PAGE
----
After listening to you, I could tell that you think the movie’s director and screenwriter Nora Ephron is a real bitch. She kept you out of the movie making process and didn’t collaborate with you very much on the screenplay. You didn’t even get to meet any of the cast until after the movie was made. (Does Meryl even know who you are?) Man, that would have chapped my ass. I mean, Nora Ephron? Talk about desperate. She couldn’t hang on to effin’ Carl Bernstein. And Ephron totally ripped that over-the-top lobster scene straight out of Annie Hall. That old broad doesn’t have an original thought.

Nora’s Julie betrayed you, didn’t she? Nora’s Julie felt that Julia Child taught her joy and how to cook. But you, Julie’s Julie, you are deeper. You feel that Julia Child taught you how to cook, but, more importantly, she taught you how to enjoy life in a different way. Julia wrote a cookbook that changed the culinary world. Mastering the Art of French Cooking has traveled through space and time and it somehow landed on your coffee table and changed the way you now look at life. You know you’re not a good cook, but you do know that, as a result of your year of cooking, you are stronger and live a braver life. Knowing you the way I now know you, Julie’s Julie, I am sure that the huge sums of money now stuffed in your mattress have nothing to do with your new found happiness. Nothing.

I could tell you really wanted to swear last night. You wanted to lace an f-bomb between every word that came out of your mouth. Then you wouldn’t have been so nervous, right? And you would have been happier if the movie had been rated “R” and Nora’s Julie could have let a few f-bombs fly. Damn MPAA. Damn Ephron. They’re all about wide-release money.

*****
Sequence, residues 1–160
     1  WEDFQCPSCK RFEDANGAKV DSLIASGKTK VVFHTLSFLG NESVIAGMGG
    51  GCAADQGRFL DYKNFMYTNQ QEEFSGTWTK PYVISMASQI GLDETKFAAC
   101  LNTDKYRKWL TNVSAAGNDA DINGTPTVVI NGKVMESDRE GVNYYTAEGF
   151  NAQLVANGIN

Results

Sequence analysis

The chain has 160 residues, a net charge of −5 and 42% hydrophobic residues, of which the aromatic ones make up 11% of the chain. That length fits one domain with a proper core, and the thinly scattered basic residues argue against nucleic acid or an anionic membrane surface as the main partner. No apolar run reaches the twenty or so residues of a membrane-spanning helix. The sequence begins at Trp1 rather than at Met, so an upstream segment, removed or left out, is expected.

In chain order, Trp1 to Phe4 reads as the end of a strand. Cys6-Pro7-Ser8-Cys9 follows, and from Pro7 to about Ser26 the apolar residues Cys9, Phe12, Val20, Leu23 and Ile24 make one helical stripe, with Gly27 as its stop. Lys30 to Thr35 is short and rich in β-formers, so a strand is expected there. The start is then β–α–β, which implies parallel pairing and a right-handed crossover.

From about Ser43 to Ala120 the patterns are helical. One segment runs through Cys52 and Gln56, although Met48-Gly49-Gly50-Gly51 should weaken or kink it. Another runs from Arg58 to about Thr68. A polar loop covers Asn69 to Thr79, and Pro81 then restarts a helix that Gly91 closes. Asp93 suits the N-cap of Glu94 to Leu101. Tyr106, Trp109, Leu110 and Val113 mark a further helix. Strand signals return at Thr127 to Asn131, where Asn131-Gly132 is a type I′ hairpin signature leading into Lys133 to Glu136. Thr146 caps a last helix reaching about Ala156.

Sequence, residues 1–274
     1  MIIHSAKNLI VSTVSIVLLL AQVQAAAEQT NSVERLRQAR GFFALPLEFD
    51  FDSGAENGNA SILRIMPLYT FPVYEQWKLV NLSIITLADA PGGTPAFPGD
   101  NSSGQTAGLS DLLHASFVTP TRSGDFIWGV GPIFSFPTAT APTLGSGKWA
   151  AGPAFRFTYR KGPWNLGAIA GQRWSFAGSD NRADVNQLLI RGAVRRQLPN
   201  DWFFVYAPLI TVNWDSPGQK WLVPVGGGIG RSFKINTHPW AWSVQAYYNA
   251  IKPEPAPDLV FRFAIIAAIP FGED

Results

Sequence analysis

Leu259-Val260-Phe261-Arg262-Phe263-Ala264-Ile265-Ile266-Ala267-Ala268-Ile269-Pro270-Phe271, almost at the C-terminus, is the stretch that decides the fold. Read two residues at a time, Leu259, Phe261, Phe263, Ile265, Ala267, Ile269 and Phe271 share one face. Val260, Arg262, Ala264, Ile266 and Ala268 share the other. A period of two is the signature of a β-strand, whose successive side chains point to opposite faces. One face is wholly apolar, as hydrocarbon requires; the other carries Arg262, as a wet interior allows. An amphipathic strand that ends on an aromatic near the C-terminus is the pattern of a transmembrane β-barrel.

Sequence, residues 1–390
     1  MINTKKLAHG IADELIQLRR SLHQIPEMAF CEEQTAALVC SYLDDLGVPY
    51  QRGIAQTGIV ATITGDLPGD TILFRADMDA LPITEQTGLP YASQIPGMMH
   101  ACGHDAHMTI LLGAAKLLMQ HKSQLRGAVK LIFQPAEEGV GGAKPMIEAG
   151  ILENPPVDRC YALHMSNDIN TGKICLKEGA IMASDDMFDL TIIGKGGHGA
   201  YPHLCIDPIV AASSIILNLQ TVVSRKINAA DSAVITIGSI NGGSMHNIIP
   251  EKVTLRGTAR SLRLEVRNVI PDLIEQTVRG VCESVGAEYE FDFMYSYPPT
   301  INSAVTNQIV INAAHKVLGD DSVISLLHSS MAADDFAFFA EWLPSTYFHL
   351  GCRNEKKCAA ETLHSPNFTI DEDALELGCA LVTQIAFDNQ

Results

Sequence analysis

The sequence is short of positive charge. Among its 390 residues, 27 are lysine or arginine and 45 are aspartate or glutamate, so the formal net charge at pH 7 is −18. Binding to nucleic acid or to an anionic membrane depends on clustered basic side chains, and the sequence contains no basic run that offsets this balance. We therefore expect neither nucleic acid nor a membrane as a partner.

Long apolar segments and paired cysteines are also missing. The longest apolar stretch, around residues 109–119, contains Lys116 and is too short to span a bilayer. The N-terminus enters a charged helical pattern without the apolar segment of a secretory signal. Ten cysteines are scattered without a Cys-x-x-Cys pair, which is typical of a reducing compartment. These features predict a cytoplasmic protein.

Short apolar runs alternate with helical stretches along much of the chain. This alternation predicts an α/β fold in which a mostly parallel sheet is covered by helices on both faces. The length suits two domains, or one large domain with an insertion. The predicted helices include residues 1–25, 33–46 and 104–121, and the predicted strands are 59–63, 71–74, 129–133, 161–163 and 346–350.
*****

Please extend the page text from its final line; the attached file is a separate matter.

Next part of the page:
Julie, I’m so glad we got to meet and cuss together. I feel so close to you. Not like those three bitches that played your friends in the movie. What? That part was made up by Ephron to create drama and define your character’s dilemma early in the movie? Wow. That gives me hope because I hated them. Like I hated you after I saw the movie on Monday.

Last night you said, “I don’t have a lot of friends, but I like the ones I have.” After our little talk backstage, I am assuming that I’m in there. On the inside circle. We have so much in common—love of food, blogging, swearing, going shoeless in public, and 100,000 hits a day on our websites.

Good luck at the premier tonight. I’ll be here at my blog waiting for your comment.

Bon Appetit,

22 comments on “A Blog Post To Julie & Julia Author Julie Powell

  1. I thought Brenner’s snarling pounce on Dott Switch BBQ was going to take the prize for Cat Scratch of the Week, but this gives her a run for her money.

  2. Love it, Nancy! Thanks for bringing a smile to my face after a long day at work!

  3. I love you Nancy, for your unfiltered, seemingly unedited (though you probably spent hours on it) open letter to whats-her-name. I hope Megan Fox gets to play you in the movie.